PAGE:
In tones remember'd dissipate his trance.

By all resorting to consult his god, “ Doth Æschylus forget me? O recall

A sight once grateful, pierces now my soul Melissa's brother, and Oileus' son,

With agony. How oft hath music sooth'd Whose Locrian hinds at one auspicious hour Distemper'd bosoms! Let thy tuneful chords, Assisted thy bold mariners to hurl

Medicinally sweet, apply their aid.” Th' (Etæan ruins on barbarian heads.

To him the bard : « My harmony bis ear See Melibæus off’ring to thy lip

But late rejected. Melibæus, try The stream's refreshing moisture."-Soon restor'd, The softer sounds which Pan hath taught the swains.” Th’ Athenian thus : “ Illustrious Medon, hail! “ A modulation by Melissa taught How fares Melissa, how thy native land ?”

I will essay,” th' obedient swain replies. " She rests, I hope, on ta still secure,'

He said, and lightly touch'd his warbling flute Returns the Locrian. “ When Laconia's king Like fountains rilling, or mellifluous notes Was slain, and I, commanded to retreat,

Of birds, a soft and lulling flow attun'd Charg'd with a solemn notice to her state, The ambient air. At first th'afflicted man That he expird obedient to the laws;

Pays'd in attention, soon a trickling tear My life, devoted to avenge his blood,

Berlew'd his heard ; the remedy was chang'd I sar'd. O'erpow'ring Xerxes soon reduc'd To pain, and thus he recommenc'd his moan. The Locrians, Dorians, ev'ry northern Greek. “ Thou, Amarantha, too couldst wake the soul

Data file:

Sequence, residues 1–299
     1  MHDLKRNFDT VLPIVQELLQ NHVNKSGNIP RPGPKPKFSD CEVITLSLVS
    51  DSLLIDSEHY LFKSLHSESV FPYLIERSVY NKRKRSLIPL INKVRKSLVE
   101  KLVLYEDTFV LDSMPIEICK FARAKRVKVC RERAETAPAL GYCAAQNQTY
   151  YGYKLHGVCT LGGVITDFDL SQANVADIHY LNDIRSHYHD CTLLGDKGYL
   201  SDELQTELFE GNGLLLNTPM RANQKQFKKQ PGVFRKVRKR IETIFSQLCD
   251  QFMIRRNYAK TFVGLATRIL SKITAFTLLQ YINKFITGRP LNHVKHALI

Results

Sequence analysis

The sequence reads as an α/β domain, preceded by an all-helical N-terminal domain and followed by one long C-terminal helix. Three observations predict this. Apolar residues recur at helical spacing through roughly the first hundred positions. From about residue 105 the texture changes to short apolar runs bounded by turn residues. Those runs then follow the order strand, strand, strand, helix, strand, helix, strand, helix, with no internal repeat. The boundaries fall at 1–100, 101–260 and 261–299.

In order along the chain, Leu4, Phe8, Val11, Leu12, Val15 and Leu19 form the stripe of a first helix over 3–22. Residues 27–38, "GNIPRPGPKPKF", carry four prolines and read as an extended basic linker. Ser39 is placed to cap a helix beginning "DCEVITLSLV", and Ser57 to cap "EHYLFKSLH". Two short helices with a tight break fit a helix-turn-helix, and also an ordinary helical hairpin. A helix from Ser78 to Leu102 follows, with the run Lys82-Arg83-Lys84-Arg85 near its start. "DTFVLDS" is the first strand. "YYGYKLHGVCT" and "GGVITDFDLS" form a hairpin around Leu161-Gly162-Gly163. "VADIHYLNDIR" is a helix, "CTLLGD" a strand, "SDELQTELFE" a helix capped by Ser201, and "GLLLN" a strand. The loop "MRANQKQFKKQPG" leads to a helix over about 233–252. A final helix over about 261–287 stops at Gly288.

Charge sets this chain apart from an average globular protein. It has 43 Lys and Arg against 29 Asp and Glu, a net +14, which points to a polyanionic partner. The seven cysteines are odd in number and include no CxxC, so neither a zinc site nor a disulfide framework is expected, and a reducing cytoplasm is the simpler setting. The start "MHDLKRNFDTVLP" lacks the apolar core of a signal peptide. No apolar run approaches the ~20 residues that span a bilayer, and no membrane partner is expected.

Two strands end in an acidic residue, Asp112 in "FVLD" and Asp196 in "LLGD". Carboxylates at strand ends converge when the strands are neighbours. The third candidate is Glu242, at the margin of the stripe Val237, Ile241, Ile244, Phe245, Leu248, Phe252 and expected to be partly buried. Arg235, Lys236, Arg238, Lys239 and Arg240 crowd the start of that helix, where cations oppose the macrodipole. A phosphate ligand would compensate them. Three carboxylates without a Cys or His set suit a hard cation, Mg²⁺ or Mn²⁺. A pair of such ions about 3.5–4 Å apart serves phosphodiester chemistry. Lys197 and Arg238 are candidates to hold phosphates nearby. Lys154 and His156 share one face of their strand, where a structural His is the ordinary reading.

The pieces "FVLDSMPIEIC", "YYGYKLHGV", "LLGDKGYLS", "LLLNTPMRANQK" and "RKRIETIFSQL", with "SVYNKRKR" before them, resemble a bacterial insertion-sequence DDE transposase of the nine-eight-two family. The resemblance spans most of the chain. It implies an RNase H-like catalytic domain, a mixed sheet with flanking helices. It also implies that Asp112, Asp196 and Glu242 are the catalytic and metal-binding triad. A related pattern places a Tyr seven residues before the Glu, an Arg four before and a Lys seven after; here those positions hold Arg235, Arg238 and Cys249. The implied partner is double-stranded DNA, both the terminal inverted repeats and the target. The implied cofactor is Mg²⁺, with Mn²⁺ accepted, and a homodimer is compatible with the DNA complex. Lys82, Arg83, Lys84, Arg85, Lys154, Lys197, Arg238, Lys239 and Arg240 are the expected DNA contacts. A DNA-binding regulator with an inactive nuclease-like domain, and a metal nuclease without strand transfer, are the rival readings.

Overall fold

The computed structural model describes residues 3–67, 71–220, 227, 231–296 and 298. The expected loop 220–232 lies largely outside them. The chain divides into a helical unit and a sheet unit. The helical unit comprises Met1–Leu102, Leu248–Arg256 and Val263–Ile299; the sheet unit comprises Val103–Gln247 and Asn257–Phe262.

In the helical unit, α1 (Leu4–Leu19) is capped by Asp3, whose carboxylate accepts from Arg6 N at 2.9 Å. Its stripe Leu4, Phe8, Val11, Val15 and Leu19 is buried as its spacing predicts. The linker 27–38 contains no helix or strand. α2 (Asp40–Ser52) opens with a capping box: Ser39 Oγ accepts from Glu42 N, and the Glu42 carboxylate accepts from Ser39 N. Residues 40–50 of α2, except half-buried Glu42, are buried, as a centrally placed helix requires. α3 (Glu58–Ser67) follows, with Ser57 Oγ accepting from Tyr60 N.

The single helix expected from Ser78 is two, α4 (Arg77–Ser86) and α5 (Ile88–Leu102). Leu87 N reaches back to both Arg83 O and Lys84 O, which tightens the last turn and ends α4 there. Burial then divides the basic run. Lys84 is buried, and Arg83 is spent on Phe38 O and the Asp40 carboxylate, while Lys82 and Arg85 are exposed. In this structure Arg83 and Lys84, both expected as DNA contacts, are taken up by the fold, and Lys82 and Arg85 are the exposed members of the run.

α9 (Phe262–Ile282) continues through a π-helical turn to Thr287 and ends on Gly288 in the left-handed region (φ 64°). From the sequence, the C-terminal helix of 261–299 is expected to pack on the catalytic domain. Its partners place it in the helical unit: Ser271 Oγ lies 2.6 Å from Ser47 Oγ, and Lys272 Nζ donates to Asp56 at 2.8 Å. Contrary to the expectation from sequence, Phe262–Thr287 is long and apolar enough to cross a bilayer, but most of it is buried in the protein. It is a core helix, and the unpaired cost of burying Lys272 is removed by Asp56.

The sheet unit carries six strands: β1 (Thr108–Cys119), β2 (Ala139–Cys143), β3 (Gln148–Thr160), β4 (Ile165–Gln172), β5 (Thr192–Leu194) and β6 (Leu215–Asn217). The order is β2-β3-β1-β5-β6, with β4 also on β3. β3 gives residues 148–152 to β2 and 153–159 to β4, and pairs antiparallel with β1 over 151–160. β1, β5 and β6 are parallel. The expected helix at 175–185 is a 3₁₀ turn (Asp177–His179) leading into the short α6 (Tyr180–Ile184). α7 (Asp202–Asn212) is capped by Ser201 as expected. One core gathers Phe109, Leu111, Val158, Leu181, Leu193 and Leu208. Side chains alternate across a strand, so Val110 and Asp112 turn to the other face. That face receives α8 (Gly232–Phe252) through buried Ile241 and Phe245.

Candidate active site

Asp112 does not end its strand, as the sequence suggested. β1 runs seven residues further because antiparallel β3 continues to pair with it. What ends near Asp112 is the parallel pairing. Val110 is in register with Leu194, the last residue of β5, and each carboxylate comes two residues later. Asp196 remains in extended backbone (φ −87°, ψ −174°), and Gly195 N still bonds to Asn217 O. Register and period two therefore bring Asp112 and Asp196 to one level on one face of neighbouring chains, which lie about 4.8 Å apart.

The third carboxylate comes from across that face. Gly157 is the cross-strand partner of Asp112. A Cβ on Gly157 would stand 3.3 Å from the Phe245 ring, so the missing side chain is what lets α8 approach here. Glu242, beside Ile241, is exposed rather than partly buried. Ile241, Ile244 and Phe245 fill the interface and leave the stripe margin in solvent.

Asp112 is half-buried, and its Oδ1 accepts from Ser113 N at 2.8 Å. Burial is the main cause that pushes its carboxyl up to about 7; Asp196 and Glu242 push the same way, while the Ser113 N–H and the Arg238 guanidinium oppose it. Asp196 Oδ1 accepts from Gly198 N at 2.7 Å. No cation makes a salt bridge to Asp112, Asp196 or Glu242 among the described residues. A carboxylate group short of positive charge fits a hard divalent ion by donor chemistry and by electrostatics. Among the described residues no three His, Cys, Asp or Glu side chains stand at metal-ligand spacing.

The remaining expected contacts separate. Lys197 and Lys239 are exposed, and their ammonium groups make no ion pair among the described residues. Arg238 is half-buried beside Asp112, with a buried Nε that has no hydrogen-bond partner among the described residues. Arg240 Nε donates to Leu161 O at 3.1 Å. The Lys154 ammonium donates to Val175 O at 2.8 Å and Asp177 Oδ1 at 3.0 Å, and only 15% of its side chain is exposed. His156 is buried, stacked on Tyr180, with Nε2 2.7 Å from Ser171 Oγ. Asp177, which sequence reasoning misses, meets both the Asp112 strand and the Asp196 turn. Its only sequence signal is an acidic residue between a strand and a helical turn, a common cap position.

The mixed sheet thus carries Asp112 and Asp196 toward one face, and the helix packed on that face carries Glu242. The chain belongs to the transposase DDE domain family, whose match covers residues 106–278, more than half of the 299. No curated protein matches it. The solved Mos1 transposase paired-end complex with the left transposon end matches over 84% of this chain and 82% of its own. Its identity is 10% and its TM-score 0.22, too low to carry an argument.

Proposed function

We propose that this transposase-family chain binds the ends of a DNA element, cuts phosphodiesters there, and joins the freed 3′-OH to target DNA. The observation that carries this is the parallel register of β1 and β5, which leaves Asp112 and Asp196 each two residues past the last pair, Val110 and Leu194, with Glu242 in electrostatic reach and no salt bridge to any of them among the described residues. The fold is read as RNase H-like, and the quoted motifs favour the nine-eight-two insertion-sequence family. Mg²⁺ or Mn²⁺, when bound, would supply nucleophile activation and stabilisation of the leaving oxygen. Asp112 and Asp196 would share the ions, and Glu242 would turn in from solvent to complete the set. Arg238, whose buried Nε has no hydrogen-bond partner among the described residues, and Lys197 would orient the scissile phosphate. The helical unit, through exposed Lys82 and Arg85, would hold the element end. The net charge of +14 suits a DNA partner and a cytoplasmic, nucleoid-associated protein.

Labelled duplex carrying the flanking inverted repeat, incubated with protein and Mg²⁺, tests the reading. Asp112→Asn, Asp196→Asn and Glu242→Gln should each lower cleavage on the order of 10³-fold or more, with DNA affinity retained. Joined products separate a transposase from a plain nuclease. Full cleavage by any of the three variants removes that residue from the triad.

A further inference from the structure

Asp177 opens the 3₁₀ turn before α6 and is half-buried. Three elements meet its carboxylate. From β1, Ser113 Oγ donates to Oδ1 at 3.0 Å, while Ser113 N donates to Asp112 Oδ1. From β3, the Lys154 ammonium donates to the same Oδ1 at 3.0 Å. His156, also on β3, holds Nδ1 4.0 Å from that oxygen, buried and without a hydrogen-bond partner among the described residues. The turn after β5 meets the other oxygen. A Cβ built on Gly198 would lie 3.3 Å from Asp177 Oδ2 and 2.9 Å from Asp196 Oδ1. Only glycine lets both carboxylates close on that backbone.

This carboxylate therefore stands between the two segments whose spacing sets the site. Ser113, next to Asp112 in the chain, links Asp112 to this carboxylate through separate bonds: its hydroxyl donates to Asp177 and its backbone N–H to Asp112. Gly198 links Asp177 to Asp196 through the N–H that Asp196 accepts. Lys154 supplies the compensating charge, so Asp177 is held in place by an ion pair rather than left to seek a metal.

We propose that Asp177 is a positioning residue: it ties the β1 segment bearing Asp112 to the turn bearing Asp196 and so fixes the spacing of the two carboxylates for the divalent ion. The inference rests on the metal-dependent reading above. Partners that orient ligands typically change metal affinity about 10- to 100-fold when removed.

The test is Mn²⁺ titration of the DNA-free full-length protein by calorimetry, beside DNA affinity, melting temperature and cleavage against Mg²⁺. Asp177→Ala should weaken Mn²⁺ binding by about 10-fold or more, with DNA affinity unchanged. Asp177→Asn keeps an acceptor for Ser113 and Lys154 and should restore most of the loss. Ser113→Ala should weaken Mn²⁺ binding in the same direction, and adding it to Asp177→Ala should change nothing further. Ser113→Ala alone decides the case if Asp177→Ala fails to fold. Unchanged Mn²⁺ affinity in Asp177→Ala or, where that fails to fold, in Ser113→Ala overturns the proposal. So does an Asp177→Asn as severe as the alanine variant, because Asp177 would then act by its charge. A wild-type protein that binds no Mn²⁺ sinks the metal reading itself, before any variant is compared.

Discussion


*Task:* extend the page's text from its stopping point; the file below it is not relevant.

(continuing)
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Of music, melting in thy parent's ear,

Of all the herd competitors for sway, Refining joyful seasons, or the hours

Long with entangled horns persist in strife,
Of care beguiling. In a foreign clime

Nor yield, nor vanquish: stand in gaze the rest,
Hang up thy harp, sad captive! Let thy hand Expecting which by conquest shall assume
Forget her skill, nor charm barbarian minds. The mastery of all. Now Timon, rous'd
But hark! I hear the ruffian. 'Slave !' he calls, With Melibeus, and the captive youth,
• Resume thy harp: some cbosen hymn of Greece, Starts from his pillow: they attain the poop,
Such as delighted Phæbus, chant to me,

Which instant boarded from an eastern ship
Me now thy god.', O Alexander, fly,

By hostile arms is held. Brave Medon quits Redeem thy love. Apollo, who couldst hurl His former station; Æschylus he leaves Parnassian summits on a host of foes,

A firm defender there: his falchion keen Make me thy instrument of wrath! My nerves Aloft he waves. As some tremendous shark, Convert to pierceless adamant; my lance